Under the rule, companies without two diverse directors must explain why they do not meet the requirement. That includes "at least one director who self-identifies as female and at least one director who self-identifies as LGBTQ+ or an underrepresented minority," like Black or African American, Hispanic or Latinx, Asian, Native American or Alaska Native, Native Hawaiian or Pacific Islander, according to the SEC order.
"This evidence is sufficient to support the SEC's determination that regardless of whether investors think that board diversity is good or bad for companies, disclosure of information about board diversity would inform how investors behave in the market," judges from the Fifth Circuit said in their decision.
The judges also referenced statements cited by the SEC from Vanguard, State Street Global Advisors and BlackRock calling on companies to disclose board diversity information.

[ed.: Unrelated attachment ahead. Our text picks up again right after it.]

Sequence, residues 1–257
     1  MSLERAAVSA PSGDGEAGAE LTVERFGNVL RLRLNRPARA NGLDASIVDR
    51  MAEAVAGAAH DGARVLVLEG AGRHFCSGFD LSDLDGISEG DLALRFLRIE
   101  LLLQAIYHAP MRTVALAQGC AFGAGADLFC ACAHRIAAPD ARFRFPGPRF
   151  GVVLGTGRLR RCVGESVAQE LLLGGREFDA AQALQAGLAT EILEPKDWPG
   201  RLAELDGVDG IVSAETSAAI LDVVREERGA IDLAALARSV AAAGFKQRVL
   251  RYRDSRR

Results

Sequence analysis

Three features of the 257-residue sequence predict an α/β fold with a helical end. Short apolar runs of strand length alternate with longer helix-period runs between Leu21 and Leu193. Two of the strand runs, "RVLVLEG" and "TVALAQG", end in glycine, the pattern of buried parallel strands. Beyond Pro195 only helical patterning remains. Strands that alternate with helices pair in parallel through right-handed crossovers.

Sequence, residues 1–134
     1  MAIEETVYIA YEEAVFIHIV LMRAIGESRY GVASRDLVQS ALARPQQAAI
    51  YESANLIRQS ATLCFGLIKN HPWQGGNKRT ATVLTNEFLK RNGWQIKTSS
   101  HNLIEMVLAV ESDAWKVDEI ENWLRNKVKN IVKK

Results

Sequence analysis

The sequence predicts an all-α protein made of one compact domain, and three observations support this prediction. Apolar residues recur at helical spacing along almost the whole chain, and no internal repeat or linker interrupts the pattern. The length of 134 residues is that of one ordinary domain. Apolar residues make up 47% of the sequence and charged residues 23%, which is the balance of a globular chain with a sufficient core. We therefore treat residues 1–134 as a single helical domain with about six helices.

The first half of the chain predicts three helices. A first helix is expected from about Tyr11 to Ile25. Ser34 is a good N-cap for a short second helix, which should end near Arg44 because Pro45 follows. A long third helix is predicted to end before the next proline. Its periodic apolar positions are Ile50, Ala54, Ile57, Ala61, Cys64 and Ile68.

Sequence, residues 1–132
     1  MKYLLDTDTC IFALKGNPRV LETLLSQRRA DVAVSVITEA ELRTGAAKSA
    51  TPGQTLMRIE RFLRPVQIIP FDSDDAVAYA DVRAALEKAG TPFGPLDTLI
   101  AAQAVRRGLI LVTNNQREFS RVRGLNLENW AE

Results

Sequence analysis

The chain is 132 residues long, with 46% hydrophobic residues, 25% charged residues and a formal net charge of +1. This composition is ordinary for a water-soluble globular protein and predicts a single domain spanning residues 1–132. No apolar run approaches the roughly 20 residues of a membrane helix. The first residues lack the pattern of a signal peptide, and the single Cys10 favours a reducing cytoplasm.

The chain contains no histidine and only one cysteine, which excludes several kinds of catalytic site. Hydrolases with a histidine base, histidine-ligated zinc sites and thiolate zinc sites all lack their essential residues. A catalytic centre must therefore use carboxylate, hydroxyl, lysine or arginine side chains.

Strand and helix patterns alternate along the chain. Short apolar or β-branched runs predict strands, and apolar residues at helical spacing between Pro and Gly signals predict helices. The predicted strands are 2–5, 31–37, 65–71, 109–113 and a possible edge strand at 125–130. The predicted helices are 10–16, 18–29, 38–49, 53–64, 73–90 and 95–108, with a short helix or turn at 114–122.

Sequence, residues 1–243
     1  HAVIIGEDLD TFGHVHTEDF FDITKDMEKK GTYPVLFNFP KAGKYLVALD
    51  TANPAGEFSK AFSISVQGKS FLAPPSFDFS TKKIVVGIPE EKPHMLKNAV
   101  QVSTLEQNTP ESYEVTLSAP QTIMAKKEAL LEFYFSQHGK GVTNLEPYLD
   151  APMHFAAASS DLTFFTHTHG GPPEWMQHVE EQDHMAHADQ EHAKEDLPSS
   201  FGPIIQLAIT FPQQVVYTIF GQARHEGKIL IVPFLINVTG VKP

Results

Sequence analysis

The lawsuits in question were brought by the National Center for Public Policy Research and the Alliance for Fair Board Recruitment.
"We are pleased that the U.S. Court of Appeals for the Fifth Circuit has upheld the U.S. Securities and Exchange Commission's approval of Nasdaq's rule to enhance board diversity disclosures through a market-led solution," a Nasdaq spokesperson said in a statement. "We look forward to working with our companies in continuing to implement this listing standard for corporate governance."
Dennis Kelleher, co-founder, president and CEO of the watchdog group Better Markets, also welcomed the decision. "Hopefully, this rule will lead to greater diversity in America's corporate board rooms, which should better reflect the diversity of the country, and spark progress in bringing minorities into the economic mainstream and centers of corporate power," he said in a statement.